Recce Pharmaceuticals Ltd (ASX: RCE, FSE: R9Q) is developing a New Class of Synthetic Anti-Infectives designed to address the urgent global health problems of antibiotic-resistant superbugs and emerging viral pathogens.
Recce’s anti-infective pipeline includes three patented, broad-spectrum, synthetic polymer anti-infectives: RECCE® 327 as an intravenous and topical therapy that is being developed for the treatment of serious and potentially life-threatening infections due to Gram-positive and Gram-negative bacteria including their superbug forms; RECCE® 435 as an orally administered therapy for bacterial infections; and RECCE® 529 for viral infections. Through their multi-layered mechanisms of action, Recce’s anti-infectives have the potential to overcome the hypercellular mutation of bacteria and viruses – the challenge of all existing antibiotics to date.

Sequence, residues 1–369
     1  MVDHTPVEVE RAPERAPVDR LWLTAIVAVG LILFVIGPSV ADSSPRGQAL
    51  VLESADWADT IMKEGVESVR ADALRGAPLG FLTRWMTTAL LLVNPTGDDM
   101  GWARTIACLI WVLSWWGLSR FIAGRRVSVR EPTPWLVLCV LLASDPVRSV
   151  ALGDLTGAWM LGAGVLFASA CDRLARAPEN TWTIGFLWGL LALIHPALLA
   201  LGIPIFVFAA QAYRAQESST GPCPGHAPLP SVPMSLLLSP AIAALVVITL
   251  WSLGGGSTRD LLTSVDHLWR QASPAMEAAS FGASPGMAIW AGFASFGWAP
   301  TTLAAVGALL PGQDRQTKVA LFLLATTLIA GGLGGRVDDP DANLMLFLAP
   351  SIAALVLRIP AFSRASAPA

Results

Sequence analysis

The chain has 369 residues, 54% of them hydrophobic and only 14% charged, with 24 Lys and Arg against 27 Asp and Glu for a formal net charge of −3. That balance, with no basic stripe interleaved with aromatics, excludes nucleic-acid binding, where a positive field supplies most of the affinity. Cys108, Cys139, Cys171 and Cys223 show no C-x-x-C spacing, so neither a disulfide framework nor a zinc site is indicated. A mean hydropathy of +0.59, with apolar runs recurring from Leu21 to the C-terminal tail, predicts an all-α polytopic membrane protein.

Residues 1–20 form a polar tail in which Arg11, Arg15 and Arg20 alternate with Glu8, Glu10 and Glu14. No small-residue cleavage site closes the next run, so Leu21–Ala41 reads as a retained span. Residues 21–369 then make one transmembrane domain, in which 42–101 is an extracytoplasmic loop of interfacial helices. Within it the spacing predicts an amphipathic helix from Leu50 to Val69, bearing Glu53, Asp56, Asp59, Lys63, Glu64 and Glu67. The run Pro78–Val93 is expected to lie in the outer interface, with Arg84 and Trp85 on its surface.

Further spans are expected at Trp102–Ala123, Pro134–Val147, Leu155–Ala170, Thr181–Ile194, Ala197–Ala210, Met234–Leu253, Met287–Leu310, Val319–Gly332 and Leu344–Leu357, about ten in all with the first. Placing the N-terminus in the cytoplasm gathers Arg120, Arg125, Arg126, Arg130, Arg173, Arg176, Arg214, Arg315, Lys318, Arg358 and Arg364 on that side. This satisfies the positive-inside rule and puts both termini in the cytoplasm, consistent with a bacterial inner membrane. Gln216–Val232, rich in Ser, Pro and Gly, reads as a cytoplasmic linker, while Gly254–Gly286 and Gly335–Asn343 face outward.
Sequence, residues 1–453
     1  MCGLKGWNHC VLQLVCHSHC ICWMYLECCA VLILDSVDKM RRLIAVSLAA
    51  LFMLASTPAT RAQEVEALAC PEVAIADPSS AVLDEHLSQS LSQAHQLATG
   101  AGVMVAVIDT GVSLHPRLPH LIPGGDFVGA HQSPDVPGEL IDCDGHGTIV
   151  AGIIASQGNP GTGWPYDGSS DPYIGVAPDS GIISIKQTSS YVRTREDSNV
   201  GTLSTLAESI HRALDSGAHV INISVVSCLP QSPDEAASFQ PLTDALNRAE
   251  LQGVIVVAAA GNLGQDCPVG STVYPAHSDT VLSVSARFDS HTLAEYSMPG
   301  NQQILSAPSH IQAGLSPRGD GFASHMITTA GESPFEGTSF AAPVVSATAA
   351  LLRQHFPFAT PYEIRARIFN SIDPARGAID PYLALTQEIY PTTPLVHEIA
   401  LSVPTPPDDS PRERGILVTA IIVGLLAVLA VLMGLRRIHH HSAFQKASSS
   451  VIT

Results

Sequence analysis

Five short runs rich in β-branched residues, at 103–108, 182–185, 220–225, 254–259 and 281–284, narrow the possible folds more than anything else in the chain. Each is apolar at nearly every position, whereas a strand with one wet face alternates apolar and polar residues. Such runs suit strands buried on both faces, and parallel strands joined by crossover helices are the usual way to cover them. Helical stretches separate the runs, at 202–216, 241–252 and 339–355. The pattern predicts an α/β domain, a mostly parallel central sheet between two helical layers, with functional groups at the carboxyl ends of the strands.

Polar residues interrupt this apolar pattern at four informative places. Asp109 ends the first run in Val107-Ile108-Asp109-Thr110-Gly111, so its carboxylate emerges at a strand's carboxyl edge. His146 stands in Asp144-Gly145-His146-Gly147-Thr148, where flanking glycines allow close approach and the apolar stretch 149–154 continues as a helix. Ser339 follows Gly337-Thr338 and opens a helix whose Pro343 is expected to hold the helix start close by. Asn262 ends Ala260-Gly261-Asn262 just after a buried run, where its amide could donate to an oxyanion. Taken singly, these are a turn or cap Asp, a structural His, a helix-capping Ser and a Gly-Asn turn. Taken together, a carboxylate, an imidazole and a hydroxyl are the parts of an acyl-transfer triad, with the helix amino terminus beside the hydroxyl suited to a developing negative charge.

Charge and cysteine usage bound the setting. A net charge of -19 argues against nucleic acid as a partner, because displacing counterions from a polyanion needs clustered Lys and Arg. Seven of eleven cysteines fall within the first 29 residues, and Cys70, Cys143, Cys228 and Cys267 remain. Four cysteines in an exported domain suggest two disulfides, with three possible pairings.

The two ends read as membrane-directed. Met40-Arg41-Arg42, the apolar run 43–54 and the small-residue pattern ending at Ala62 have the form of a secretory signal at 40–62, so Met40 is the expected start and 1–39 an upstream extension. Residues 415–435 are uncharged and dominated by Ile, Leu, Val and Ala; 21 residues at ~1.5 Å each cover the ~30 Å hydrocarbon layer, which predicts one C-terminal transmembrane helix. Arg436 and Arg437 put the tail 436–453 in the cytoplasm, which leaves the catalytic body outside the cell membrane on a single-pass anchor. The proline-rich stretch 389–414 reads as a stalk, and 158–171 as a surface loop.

The FDA has awarded RECCE® 327 Qualified Infectious Disease Product designation under the Generating Antibiotic Initiatives Now (GAIN) Act – labelling it for Fast Track Designation, plus 10 years of market exclusivity post approval. Further to this designation, RECCE® 327 has been included on The Pew Charitable Trusts Global New Antibiotics in Development Pipeline as the world’s only synthetic polymer and sepsis drug candidate in development. RECCE® 327 is not yet market approved for use in humans with further clinical testing required to fully evaluate safety and efficacy.
Recce wholly owns its automated manufacturing, to support present clinical trials and future sales.
The company has Two clinical trials in progress. The first clinical trial is a Phase I study to determine the safety and pharmacokinetics of R327 in healthy subjects. The second clinical trial is a Phase I/II study to determine the efficacy of R327 for treating topical burn wounds and is a Western Australian Health Department sponsored trial at the Fiona Stanley Hospital.
Recce’s anti-infective pipeline seeks to exploit the unique capabilities of its technologies targeting synergistic, unmet medical needs.